What are some of the big challenges when it comes to creating sustainable materials?
I actually believe that inventing new materials isn't the answer.
We already have too many materials (and many generating waste) and in my opinion, it would be much more challenging to find sensible and strategic ways to make them recyclable. The right answer is to take advantage of existing materials and re-think the production process from start to finish, the life path of the product, its end-of-life and how to make it regenerable. Only then does the process make sense. Today, the solutions are out there, and it's a matter of starting with the end in mind.
You have been working with several Indian companies. What's the scope of interest in India when it comes to recycling and materials?
India is certainly the country that will have the most spectacular development in the coming decades. And it seems very clear to me that the the Indian government and Indian consumers have a strong interest and a great attention towards the conservation of the planet and in finding solutions.
Could you talk about the details of the yarn you've created and the process behind it?
ECONYL is regenerated nylon 100% with a different story. It comes from nylon waste such as fishing nets, fabric scraps from mills and carpets destined to landfills. It is used for apparel, carpets, and other interior design products. And it has exactly the same performance as fossil-based nylon. ECONYL is nylon in all respects. By using waste to produce the ECONYL nylon, there is a double advantage: you don’t take new resources from the planet, and you have a carbon footprint 90% lower than the petrochemical one. Moreover, it is infinitely recyclable. That’s why ECONYL is a regenerated and regenerable nylon.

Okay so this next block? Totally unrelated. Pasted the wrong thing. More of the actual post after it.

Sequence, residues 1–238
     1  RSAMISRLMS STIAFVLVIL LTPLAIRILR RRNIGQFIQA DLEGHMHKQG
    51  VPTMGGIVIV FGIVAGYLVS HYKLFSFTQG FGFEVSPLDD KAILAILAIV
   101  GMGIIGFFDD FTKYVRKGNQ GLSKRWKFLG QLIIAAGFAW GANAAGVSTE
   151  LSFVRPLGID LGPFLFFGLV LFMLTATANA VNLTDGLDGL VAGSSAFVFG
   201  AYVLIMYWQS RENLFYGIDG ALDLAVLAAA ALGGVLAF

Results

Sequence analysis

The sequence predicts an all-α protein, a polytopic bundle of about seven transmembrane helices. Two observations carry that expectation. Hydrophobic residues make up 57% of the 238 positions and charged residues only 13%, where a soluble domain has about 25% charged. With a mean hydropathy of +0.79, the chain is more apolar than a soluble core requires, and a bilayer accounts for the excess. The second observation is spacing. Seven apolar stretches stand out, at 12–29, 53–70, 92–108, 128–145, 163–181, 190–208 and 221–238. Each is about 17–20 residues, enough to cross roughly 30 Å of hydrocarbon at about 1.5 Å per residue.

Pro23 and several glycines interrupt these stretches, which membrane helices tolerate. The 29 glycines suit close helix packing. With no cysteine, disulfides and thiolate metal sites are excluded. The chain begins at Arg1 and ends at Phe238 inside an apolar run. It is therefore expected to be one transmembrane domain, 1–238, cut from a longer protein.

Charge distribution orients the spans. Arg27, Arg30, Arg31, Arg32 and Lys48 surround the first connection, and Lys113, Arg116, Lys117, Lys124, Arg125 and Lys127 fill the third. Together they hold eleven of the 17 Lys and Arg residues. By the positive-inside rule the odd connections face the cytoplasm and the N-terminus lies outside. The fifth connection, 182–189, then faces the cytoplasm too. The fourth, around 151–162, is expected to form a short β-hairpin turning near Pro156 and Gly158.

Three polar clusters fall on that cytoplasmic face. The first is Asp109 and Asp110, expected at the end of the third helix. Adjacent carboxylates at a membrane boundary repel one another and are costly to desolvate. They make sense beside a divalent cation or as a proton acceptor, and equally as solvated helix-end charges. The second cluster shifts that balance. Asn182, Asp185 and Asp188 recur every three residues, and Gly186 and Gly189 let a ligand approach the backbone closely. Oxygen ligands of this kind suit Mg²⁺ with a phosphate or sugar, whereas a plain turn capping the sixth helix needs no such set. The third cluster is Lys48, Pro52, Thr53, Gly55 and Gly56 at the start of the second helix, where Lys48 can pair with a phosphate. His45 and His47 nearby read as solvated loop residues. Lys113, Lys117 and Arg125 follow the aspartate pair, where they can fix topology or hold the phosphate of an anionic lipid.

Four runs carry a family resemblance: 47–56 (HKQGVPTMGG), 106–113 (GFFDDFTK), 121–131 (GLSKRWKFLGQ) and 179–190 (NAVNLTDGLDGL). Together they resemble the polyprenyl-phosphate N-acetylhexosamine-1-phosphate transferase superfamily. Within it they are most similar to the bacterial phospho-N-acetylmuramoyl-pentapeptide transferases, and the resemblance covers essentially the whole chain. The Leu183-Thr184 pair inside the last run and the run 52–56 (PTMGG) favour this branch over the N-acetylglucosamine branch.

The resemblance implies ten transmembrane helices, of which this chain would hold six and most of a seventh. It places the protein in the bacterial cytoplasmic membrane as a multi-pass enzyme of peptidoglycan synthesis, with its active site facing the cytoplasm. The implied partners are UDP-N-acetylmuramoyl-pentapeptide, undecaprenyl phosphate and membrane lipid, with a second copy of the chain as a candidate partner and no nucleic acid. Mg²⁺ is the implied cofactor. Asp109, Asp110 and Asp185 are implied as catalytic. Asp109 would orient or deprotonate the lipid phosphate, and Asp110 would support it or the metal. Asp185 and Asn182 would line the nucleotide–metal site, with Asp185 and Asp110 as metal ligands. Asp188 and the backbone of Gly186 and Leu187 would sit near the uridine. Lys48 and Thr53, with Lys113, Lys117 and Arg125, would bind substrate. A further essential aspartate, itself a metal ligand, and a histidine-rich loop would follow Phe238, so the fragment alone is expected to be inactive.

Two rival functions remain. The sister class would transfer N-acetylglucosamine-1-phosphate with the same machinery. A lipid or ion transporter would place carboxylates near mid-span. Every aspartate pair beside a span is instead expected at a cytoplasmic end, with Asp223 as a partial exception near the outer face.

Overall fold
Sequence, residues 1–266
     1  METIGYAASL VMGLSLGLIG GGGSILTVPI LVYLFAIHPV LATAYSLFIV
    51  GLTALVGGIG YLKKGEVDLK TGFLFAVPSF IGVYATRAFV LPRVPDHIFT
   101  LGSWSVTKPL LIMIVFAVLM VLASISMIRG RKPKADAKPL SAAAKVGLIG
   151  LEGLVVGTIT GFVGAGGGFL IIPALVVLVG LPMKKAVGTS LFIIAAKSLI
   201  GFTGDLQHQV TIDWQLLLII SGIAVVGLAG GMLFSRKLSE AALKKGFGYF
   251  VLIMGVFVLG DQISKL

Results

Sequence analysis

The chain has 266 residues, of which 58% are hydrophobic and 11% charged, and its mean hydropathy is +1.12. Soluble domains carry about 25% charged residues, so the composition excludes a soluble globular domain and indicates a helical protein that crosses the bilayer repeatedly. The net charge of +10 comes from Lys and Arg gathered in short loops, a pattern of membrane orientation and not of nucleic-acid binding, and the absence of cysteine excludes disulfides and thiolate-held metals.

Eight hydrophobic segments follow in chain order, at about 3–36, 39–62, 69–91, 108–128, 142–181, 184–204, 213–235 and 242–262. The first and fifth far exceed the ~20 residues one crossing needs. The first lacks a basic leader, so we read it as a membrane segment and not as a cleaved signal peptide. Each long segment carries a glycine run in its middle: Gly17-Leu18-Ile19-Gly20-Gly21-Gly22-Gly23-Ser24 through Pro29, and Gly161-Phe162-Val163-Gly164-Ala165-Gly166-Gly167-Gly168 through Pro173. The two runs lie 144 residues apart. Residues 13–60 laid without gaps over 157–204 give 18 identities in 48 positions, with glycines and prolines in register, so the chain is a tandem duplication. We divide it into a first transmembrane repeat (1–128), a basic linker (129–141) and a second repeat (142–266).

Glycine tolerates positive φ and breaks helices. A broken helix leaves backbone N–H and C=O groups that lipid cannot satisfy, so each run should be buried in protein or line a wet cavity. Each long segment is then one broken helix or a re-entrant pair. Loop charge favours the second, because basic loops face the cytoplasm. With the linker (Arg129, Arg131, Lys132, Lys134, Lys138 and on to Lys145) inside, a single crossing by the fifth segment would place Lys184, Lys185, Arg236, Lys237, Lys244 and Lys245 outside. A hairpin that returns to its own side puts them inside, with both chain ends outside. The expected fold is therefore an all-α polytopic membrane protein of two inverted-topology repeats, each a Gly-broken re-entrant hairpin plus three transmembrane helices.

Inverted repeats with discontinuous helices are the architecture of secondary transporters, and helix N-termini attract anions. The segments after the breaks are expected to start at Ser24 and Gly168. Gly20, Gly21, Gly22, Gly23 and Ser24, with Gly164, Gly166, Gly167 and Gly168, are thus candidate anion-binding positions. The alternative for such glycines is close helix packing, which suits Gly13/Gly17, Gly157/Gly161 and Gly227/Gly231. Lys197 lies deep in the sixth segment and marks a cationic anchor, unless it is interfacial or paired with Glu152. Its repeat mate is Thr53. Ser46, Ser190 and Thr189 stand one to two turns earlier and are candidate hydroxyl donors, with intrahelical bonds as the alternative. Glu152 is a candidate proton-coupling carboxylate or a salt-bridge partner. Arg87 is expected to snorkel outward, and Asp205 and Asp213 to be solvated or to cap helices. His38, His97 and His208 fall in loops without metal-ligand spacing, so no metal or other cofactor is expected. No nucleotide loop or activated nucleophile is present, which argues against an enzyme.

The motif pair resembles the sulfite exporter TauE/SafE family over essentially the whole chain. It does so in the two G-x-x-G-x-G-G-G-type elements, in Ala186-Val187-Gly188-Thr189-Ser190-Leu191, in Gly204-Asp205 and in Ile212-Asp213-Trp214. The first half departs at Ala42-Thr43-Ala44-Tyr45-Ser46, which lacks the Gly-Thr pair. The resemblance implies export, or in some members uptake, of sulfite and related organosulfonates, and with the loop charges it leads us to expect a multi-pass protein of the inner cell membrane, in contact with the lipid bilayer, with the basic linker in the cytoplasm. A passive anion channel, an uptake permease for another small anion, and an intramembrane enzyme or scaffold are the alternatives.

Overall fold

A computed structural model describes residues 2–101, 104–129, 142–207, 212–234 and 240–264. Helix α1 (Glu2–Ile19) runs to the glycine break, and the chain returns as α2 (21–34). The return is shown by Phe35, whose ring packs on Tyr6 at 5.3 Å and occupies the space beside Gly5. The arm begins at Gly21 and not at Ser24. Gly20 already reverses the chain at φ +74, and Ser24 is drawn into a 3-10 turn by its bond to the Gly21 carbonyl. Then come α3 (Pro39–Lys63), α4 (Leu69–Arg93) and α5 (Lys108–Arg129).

We are still at the initial stages of developing innovation, sustainable materials. What kind of future are we looking at in this space?
It’s a matter of “change or die”. If textile industry does not change, it will become the most polluting industry on the planet. It is forecast that we do not like and one the world will not accept. We need everyone's effort, considering we are all involved. We all can recycle on our own. When it comes to circular solutions in the truest sense, we need to involve everyone in all the value chain including the final consumer.
Sustainable materials are still not being used as much as they should. What is holding the industry back?
Two reasons. First, greenwashing. It's a sort of communication strategy aimed at building a deceptively positive self-image in terms of environmental impact that causes a lot of confusion and mistrust.
Second, costs. The initial cost to start a sustainable production process may be higher and this especially affects fast fashion. It is not an advantageous starting position.
There is a big difference between marketing and circular economy, but unfortunately not everyone understands and accepts it.
What does circularity mean to you?
A virtuous circle that is self-fueling and grows without depleting nature.